Also, for these "early adopters" of $2000 phones, resale value might not have such a large influence - they'll probably just return the phone and sign a new contract for a new flagship phone.
    Reply
  • Death666Angel - Friday, March 29, 2019 - link

    "When you think about it, on average we can easly unlock our phone more than 50 times a day or even 100. Thats not even for a whole year "
    I don't get what your point is. Samsung says they test this thing to withstand about 100 foldings per day for 5 years. Which is a bit less than the 200k they test for. The quoted sentence above does not make sense to me in that regard. And 5 years already seems excessive to me. The people I know who spend a lot of money on their smartphones are precisely the people who buy a new one every one to two years. The people who use their smartphone a long time (I know some who still have Galaxy S2's and ones with broken displays) don't pay a lot for their smartphones, so they won't have anything like this for years.
    Reply
  • FunBunny2 - Friday, March 29, 2019 - link

    "The people I know who spend a lot of money on their smartphones are precisely the people who buy a new one every one to two years. The people who use their smartphone a long time (I know some who still have Galaxy S2's and ones with broken displays) don't pay a lot for their smartphones, so they won't have anything like this for years."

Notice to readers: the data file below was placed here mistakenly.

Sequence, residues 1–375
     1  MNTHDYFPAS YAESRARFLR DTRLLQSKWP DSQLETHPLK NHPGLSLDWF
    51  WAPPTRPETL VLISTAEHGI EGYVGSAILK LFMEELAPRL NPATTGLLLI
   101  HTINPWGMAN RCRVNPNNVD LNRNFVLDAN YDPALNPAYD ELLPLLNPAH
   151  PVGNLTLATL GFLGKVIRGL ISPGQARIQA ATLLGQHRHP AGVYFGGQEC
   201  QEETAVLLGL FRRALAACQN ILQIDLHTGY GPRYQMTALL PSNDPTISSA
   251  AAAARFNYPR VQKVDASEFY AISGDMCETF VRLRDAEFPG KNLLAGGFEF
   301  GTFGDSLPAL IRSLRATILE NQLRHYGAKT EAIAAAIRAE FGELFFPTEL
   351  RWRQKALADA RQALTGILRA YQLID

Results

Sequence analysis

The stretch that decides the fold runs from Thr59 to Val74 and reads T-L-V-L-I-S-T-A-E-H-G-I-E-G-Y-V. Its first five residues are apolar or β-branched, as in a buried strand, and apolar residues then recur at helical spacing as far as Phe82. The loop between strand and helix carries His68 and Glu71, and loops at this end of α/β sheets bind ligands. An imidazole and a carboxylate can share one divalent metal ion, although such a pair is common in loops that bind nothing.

ah, that ole chicken and egg problem. the smaller the production run, the higher the average cost (fixed cost spread over fewer units), and so is price but not profit. put the sources of that fixed cost into higher volume units, lower the average cost, boost revenue and profit. these are supposed to be the Smartest Guys in The Room?
    Reply
  • Gunbuster - Friday, March 29, 2019 - link

    Honestly more worried about micro and macro scratches in the plastic surface. Welcome back to the squishy plastic screen winmo/touch pro days people. Reply
  • s.yu - Monday, April 1, 2019 - link

    Well I think it'll come with a protection film, a TPU film actually lasts pretty long. Reply